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Gary Aldrich: Mueller's Changes Won't Fix FBI

Wednesday, 29 May 2002 12:00 AM

FBI veteran Gary Aldrich, who was a top agent assigned to the White House and wrote the best-selling book "Unlimited Access" exposing the Clintons' nightmarish mishandling of national security, says a "go along to get along” attitude has permeated the top ranks of the bureau.

"How does one go about changing an attitude which has basically permeated the management ranks of the FBI?” he asked.

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Aldrich was assigned to White House duty for several years until just before his 1996 sensation "Unlimited Access” exposed the collapse in security during the Clinton administration.

In an exclusive interview with NewsMax.com, Aldrich described "the do-nothing timidity” whereby "in order to get ahead, you have to get along.”

It’s an attitude familiar to many who have worked in the Washington bureaucracy. But this isn’t the Department of Labor or Commerce. In an agency such as the FBI, where lives are at stake, such laziness can be "dangerous,” Aldrich warned.

Over time, "it’s going to suggest a certain amount of major calamities get by you.”

The "bureaucratic” atmosphere at FBI headquarters has presented another problem, Aldrich says, that will not be fixed by the FBI director's attempt to rearrange the deck chairs on the Titanic.

Already, many of the FBI's best and brightest have left the bureau or tranferred out of Washington during the Clinton years, when they saw the country's top investigative agency turned into a political arm of the White House.

"They just don’t like it there, and they want to get out of there. So the whole mission becomes getting out of FBI headquarters and back to the field. And that becomes the mission instead of the [real] mission.”

The management problems, as Aldrich sees it, started after the death of the legendary and much-maligned J. Edgar Hoover.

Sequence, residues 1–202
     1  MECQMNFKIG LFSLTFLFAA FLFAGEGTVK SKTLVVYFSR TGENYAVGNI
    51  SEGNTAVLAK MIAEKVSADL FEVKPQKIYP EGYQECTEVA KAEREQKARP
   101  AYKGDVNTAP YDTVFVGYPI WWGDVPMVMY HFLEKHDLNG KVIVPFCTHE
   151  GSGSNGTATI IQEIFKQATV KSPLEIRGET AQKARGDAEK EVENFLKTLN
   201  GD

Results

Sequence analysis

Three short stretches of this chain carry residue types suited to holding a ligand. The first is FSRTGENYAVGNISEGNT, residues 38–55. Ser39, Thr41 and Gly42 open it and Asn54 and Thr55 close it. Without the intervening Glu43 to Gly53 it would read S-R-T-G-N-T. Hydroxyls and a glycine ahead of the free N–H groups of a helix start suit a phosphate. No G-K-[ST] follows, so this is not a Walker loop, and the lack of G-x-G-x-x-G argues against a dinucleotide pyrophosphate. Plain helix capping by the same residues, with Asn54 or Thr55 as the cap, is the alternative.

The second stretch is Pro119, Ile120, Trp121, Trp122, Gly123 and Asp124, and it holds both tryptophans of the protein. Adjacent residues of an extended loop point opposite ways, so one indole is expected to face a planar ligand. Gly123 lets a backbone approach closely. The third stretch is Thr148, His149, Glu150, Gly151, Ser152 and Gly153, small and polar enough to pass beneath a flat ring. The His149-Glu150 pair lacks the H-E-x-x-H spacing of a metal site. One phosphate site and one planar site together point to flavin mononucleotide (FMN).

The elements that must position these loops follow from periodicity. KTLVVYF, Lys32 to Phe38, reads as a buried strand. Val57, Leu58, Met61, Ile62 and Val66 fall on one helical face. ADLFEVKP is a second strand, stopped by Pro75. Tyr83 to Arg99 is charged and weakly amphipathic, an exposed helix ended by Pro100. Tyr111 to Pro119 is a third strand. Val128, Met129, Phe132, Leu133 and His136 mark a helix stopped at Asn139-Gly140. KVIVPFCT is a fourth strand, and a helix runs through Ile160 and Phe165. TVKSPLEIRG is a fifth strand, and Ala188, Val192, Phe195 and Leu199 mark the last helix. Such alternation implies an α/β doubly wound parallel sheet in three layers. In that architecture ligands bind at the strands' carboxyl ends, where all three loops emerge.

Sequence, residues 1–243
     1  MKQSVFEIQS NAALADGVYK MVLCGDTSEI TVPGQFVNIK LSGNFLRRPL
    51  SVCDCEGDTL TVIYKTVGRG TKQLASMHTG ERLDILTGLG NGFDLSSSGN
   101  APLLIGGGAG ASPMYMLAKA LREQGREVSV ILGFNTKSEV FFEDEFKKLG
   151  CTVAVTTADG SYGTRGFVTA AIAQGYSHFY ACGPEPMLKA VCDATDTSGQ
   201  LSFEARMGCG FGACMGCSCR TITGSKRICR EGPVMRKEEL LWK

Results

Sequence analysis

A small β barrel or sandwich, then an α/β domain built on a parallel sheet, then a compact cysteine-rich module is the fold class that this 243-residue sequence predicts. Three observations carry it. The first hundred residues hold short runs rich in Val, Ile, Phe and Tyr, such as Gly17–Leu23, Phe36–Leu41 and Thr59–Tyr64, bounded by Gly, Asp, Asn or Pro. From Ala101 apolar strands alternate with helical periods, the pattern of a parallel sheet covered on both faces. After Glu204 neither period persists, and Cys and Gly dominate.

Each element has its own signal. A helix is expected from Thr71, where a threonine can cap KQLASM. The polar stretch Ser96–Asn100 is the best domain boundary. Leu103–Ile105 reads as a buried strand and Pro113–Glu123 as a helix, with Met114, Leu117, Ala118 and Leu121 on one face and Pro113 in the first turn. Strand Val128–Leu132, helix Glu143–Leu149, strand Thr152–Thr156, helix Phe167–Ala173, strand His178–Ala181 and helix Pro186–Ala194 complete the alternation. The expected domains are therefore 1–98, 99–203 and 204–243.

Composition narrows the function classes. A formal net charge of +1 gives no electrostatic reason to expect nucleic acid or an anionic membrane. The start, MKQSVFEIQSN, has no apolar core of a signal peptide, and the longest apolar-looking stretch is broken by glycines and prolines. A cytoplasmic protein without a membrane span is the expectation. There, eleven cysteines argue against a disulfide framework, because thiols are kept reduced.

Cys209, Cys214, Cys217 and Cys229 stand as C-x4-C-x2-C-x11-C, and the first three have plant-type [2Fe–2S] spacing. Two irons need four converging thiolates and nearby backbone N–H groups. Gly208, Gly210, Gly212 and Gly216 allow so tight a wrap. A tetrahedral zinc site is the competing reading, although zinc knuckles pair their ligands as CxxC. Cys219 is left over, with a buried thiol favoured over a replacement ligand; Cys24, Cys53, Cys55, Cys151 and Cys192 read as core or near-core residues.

At that point a "new age kind of thing” seeped into management philosophy at the bureau, a politically correct "management by consensus,” where "everybody would decide, and therefore nobody was responsible.”

Aldrich says the big problem at the FBI was the "lack of responsibility, lack of accountability.”

Recent statements by Mueller claiming that the FBI could not have prevented 9-11, and his protection of agents who failed to follow up on leads that terrorist were engaging in suspicious flight training, show that the same pattern of cover-up and obfuscation is at work.

When President Bush named Mueller last year to replace Clinton appointee Louis Freeh, NewsMax.com reported that his record indicated agility on touching all political bases.

For example, he had the wholehearted support of California's Sen. Barbara Boxer, a leftist Democrat with close ties to Sen. Hillary Clinton.

Aldrich declined to judge Mueller’s credentials or management style on that factor alone, but "it does concern me if a Democrat senator from the Left Coast is highly supportive of a new FBI director. I find that no recommendation whatsoever.”

Aldrich believes the agency needs to be depoliticized.

"These are all folks who adhere to the rule of law who believe that politics should play no part at all in the administration of the FBI, and who virtually hate the notion that the FBI could ever become politicized.”

The bottom line, as this seasoned veteran sees it: "What is the magic that Director Mueller will use to cure the attitude at FBI headquarters?”

Simply hiring new people and shifting personnel around, or changing priorities, as Mueller announced Wednesday – "You can do all of that, and yet, if you cannot change attitude within the bureaucracy … all of that will come to not much.”

Aldrich, who left the FBI almost a quarter of a century after Hoover died, saw the downhill slide inside the bureau, "a festering problem within the agency for decades,” as he puts it, an agency that took a nosedive with the election of Bill Clinton and the appointment of Louis Freeh.

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FBI veteran Gary Aldrich, who was a top agent assigned to the White House and wrote the best-selling book Unlimited Access exposing the Clintons' nightmarish mishandling of national security, says a go along to get along" attitude has permeated the top ranks of the...
Wednesday, 29 May 2002 12:00 AM
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